Travis Nash

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Travis Nash
Travis Nash.jpg
Home and Away character
Portrayed by Nic Testoni
Duration 1995–99
First appearance 10 April 1995
Last appearance 11 August 1999
Introduced by John Holmes
Classification Former; regular
Occupation Boat worker
Foster father
Home Canada

Travis David Nash is a fictional character from the Australian soap opera Home and Away, played by actor Nic Testoni. He made his first on screen appearance on 10 April 1995 and departed on 11 August 1999.


A reporter from Inside Soap described Travis as having "surfer locks and a golden tan".[1] While another branded him "easygoing" and "happy-go-lucky".[2]

When Kelly Watson (Katrina Hobbs) spotted a melanoma on his back, Travis realised that he had been spending too much time in the sun.[2] After undergoing tests, Travis was told that he had to have the tumour surgically removed to stop it from spreading. Kelly was worried for Travis, as his uncle had died from a melanoma.[2] The surgery was a success, but Travis began spending more time alone, which made Kelly feel like she was being shut out.[2]


Travis is the younger of two sons, born to Jack Nash (John Grant) and his wife in 1971. Travis attended the local high school with Donna Bishop (Nicola Quilter), whom he dated, Rob Storey (Matthew Lilley) and Steven Matheson (Adam Willits). After leaving High School, Travis began working in Somalia and met Kibiri Mboto and they began a relationship. Kibiri was later shot and killed. Travis arranged for Kibiri's younger sister, Stephanie (Fleur Beaupert), to be smuggled out of the country and he returned to Australia.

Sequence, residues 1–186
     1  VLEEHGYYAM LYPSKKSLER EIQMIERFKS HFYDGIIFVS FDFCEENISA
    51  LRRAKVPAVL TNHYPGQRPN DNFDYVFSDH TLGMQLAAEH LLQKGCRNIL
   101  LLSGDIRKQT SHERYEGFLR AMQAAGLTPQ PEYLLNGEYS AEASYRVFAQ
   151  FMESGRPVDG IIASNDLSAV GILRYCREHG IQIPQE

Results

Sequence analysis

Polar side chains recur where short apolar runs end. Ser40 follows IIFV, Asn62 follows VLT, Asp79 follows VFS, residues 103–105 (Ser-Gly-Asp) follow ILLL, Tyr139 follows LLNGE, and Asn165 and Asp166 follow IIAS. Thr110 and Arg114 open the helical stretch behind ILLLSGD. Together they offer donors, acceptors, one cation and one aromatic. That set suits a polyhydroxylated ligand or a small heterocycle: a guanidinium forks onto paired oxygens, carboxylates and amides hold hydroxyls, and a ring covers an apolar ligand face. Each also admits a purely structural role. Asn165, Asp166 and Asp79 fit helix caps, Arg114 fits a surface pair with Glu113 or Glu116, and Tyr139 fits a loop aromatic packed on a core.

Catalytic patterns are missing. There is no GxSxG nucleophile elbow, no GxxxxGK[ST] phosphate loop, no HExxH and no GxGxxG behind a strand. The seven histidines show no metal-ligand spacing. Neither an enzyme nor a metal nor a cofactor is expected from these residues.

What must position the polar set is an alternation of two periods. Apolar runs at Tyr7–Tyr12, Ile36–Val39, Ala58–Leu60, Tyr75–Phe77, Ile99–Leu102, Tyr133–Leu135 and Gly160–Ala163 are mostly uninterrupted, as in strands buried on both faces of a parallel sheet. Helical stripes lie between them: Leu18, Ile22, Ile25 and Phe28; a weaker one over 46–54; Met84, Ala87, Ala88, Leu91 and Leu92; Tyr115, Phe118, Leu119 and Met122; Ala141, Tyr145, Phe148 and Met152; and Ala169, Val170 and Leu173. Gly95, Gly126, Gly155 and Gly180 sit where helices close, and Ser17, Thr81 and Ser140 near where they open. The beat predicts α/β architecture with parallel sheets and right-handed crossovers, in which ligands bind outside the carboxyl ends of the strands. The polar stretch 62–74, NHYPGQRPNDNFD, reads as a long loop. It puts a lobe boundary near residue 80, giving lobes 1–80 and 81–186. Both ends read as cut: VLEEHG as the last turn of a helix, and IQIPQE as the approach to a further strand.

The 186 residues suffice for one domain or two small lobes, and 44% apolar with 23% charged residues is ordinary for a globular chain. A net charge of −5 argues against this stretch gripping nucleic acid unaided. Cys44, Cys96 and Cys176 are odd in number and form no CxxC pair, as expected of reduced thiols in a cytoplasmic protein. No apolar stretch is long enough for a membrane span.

Travis is a witness to Laura Bonnetti's (Claudia Buttazonni) death, after she and her boyfriend, Curtis Reed (Shane Ammann), play on some railway tracks. Travis comforts a distraught Curtis and supports him when he descends into alcoholism. While back in the bay, Travis reconnects with his old friends Donna and Rob. Travis and Donna rekindle their relationship, after Donna dumps her violent boyfriend Andrew Warren (Adrian Lee). They later leave for Canada on a whale-watching trip. Several months later, Travis returns after breaking off his engagement with Donna and moves back into his house to find two new tenants, local doctor Kelly Watson and old friend Steven.

Travis and Steven compete for Kelly's affections and Travis wins. When Kelly suffers a scare at the hospital after treating an HIV-positive patient, Travis stands by her. Stephanie arrives and Travis and Kelly become her guardians. When Stephanie dies after a cliff fall, Travis is distraught as he promised Kibiri he would always look after her.

Travis asks Kelly's father for her hand in marriage and the couple become engaged. Kelly receives a promotion at a city hospital and she realises that Travis is not cut out for city life and they part. Travis rents his house out to Kelly's replacement at Northern Districts hospital, Lachlan Fraser (Richard Grieve) and Jesse McGregor (Ben Unwin). Travis falls for Rebecca Fisher (Belinda Emmett) and they marry in a ceremony on the beach, with Rebecca's father, Donald (Norman Coburn), presiding as the celebrant.